Overwatch and DBT: Why it’s Time to Teach Boys Coping Skills
Coping skills — knowing how to deal with strong negative emotions to promote mental wellness — are never learned by many people. There’s nowhere this problem is clearer than with young men.
On Tuesday, March 20, a user on Reddit posted to the subforum of a popular video game: “My wife is a therapist. After I kept complaining about Overwatch losses, she made me fill out this worksheet.”
Even though this was posted as a “humor” item, the comments section abounded with a (perhaps surprising) amount of gamers earnestly embracing the worksheet as a tool for reflection. Commenters identified with the checklist of cognitive distortions. Some said that they would try to use this approach in other parts of their life that cause frustration.
Without even realizing it, gamers were discovering the merits of two therapeutic approaches that have been used by psychologists for years: Cognitive Behavioral Therapy (CBT), an approach often used to help people with anxiety and depression, and Dialectical Behavioral Therapy (DBT), an approach based on CBT that focuses on accepting and changing painful emotions. Essentially: clinically tried and tested coping skills.
Now, I’m not a therapist (let me repeat that again — I’m not a therapist. Nothing I’m saying is medical advice! Talk to a doctor for medical advice!). I’m but a humble poster. I was so amused by the positive reaction to the Overwatch mood log that I felt compelled to share it on Twitter. It immediately resonated and reached far beyond the normal audience of my wonderful followers.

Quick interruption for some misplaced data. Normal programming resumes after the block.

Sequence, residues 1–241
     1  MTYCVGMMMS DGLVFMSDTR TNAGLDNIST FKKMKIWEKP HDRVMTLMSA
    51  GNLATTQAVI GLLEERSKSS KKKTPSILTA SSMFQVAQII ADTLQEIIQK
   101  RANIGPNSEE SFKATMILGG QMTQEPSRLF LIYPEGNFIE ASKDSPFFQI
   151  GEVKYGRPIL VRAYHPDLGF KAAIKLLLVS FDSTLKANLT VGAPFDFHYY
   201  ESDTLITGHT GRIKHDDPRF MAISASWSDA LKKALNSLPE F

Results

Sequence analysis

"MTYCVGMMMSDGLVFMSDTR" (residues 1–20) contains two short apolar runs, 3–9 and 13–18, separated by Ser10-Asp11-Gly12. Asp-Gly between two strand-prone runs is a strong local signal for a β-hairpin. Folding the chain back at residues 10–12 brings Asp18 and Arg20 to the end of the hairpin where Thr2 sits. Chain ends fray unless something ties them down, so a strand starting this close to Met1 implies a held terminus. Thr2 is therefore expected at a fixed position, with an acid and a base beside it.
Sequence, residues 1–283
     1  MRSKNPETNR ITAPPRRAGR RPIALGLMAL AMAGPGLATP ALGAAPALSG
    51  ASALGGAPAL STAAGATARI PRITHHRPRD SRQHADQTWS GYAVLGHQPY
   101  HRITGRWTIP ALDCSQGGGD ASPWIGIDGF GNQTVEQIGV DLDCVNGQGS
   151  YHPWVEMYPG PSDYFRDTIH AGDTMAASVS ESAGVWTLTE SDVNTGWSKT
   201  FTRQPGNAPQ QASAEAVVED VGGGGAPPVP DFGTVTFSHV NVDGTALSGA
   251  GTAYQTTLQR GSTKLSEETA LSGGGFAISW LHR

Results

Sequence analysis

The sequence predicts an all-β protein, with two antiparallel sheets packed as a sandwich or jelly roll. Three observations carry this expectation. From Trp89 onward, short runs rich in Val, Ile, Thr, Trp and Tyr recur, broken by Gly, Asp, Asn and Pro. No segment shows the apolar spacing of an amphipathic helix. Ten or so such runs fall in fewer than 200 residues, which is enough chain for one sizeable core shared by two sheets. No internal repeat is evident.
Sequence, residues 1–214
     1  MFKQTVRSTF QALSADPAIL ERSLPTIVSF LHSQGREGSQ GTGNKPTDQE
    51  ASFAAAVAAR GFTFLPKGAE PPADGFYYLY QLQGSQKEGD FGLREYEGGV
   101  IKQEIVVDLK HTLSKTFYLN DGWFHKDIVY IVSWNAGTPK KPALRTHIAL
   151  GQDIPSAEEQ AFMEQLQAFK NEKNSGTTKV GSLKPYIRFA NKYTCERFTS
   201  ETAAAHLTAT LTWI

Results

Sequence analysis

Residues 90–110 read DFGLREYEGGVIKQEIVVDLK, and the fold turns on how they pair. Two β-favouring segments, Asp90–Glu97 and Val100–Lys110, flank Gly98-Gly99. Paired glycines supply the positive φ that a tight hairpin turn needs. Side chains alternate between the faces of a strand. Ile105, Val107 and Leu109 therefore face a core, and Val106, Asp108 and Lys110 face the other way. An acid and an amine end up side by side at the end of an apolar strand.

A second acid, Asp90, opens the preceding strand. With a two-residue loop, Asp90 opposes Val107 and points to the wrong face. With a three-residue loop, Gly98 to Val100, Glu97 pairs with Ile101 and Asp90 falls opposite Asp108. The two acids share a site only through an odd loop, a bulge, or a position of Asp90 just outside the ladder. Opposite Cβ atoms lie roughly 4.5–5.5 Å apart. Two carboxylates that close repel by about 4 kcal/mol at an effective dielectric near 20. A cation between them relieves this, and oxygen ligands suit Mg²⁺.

Most comments fell into one of three camps:
- This is actually a good idea!
- I need this/people who share my hobby need this/someone I know needs this (that ‘someone’ was sometimes tagged and concurred).
- I’m so glad to see DBT/CBT, which helped me, working for other people.
In a better world, “how to cope with strong negative emotions” is the sort of thing that people might learn in school. They would not have to wait to stumble upon a Reddit post showing that there is a therapeutic framework for tackling this situation. Perhaps what’s most interesting here is the intersection, between Reddit and a video game fan base, of younger men who are especially unlikely to have a familiarity with something such as a “mood log.”
This led me to want to expand on the gender dynamic at play in this conversation.
Women learn from an early age, often by harsh necessity, to navigate the emotions of others. Trans and non-binary people have to deal with even more delicate situations and stressful balancing acts. These groups suffer due to their marginalized status, and might develop coping skills with an awareness that they are needed to make it in a tough world.
Men, on the other hand, too often discourage one another from seeking help, processing their feelings in a therapeutic way, and have an aversion to nurturing one another.
When men don’t seek and receive the help that they need, everyone pays for it.
Men in developed nations can reach middle age without learning how to talk about their feelings. That inability to discuss feelings means inability to manage feelings effectively, as well. It’s one factor among many that lead men into the clutches of self-help charlatans, untreated depression, too much alcohol, the wrong kind of pills, and lashing out with violence.